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AALSMEER, The Netherlands: February 13, 2018. Valentine's Day, made official by Pope Gelasius in the fifth century to distract Roman Catholics from a more ancient pagan ritual involving animal skins and blood, remains as popular as ever in parts of Europe, North America and Mexico as consumers buy cut flowers grown in Kenya, Ecuador, Colombia and Ethiopia.

Some of the airlines involved in the annual red and pink rose rush this month included AFKLMP Cargo shipping 3,000 tonnes of flowers over a two-week period; Cargolux that added 1,200 tonnes of freighter capacity to deliver "millions of flowers" from Africa and Latin America; American Airlines Cargo with Valentine's Day one of its busiest holidays of the year; Lufthansa carrying 800 tonnes to Frankfurt; and UPS that shipped eight million pounds of flowers from grower to Valentine's Day consumer via Miami in early February.

CV FLOWERSRoyal FloraHolland, a conglomerate of Dutch growers responsible for the flower auction houses at Aalsmeer, says the week before February 14 is one of its busiest of the year as 300 million flowers are traded - with roses, tulips and chrysanthemums in shades of red being the most popular.

Last year the Netherlands exported a record €6 billion in flowers and plants to Germany, France, Italy, Russia, the UK and U.S. – where American Airlines Cargo shipped 10 million pounds of flowers and expects to do even better this year with a direct flight from Amsterdam to Dallas-Fort Worth.

According to America's National Retail Federation, U.S. consumers will spend an estimated US$19.6 billion, up from $18.2 billion in 2017, on Valentine's Day gifts this year with over US$2 billion on flowers.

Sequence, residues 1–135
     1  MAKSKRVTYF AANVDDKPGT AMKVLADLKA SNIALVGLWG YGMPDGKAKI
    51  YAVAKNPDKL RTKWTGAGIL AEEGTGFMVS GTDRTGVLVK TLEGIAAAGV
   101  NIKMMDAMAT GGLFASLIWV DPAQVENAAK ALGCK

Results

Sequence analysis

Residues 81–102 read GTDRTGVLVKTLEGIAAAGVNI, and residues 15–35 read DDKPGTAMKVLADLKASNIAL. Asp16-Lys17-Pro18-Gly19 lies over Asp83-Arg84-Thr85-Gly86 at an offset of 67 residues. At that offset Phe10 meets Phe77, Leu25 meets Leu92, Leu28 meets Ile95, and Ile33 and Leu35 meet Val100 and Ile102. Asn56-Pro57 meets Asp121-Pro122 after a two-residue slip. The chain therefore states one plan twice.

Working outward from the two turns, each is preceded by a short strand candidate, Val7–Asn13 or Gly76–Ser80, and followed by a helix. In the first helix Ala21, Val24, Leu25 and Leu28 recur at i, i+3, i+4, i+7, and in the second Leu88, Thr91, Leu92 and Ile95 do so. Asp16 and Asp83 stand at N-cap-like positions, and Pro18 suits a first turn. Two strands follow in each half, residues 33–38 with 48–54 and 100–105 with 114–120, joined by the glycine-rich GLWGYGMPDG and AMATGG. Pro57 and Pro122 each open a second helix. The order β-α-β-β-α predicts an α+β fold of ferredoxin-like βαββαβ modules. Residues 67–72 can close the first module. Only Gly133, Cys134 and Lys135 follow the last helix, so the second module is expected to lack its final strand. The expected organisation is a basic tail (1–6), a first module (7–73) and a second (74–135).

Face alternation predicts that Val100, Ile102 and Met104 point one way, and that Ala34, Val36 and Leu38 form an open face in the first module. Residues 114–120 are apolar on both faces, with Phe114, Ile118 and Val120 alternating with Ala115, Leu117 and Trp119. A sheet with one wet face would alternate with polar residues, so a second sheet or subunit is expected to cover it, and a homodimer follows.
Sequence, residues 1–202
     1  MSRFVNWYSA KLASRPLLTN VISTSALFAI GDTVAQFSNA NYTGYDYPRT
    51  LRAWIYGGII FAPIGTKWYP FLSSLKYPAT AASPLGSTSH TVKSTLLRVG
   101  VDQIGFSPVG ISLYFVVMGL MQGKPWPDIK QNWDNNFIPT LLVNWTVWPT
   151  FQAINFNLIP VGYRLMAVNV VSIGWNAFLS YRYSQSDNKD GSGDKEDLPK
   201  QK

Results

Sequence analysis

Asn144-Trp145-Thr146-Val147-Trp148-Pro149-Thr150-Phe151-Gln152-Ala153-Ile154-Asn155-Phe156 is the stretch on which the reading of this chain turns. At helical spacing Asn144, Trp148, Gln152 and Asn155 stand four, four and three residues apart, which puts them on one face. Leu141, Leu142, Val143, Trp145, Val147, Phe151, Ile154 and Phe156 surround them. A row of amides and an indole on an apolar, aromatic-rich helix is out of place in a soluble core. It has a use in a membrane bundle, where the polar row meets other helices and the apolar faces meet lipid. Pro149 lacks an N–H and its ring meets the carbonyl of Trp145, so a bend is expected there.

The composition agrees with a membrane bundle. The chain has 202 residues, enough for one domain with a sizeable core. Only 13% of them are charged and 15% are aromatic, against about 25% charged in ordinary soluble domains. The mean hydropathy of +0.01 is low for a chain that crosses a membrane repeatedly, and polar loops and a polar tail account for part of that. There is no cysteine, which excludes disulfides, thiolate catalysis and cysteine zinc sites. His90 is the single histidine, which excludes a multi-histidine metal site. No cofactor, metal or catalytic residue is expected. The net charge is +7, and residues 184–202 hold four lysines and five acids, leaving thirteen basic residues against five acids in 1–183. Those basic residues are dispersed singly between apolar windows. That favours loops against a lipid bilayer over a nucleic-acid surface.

Dutch Rabobank analyst Cindy van Rijswick says the Dutch share of cut flower exports is 43 percent with the "four rising flower stars" - Colombia, Kenya, Ecuador and Ethiopia - collectively now accounting for 44 percent of the global market. In 2005 their share was 25 percent and a decade later it had risen to 33 percent.

"Despite low production costs, a favorable climate, large farm size, and increasing efficiency and quality, it remains challenging to grow cut flowers in these countries," explained van Rijswick "There is hardly any domestic demand, producers have to deal with a lack of airfreight capacity and high transportation costs, volatile exchange rates, and challenging political and social circumstances."

In 2017 Royal FloraHolland, Schiphol Cargo and AFKLMP Cargo set up a 'Holland Flower Alliance' - a group of floricultural logistics experts with a goal to "prolong the lasting beauty of flowers" from growers to wholesalers.

Last year also saw AFKLMP Cargo ship more than 50,000 tonnes of flowers from Kenya, Zimbabwe, Ecuador and Colombia to Schiphol, Amsterdam for trading at Aalsmeer - nine minutes away by truck.

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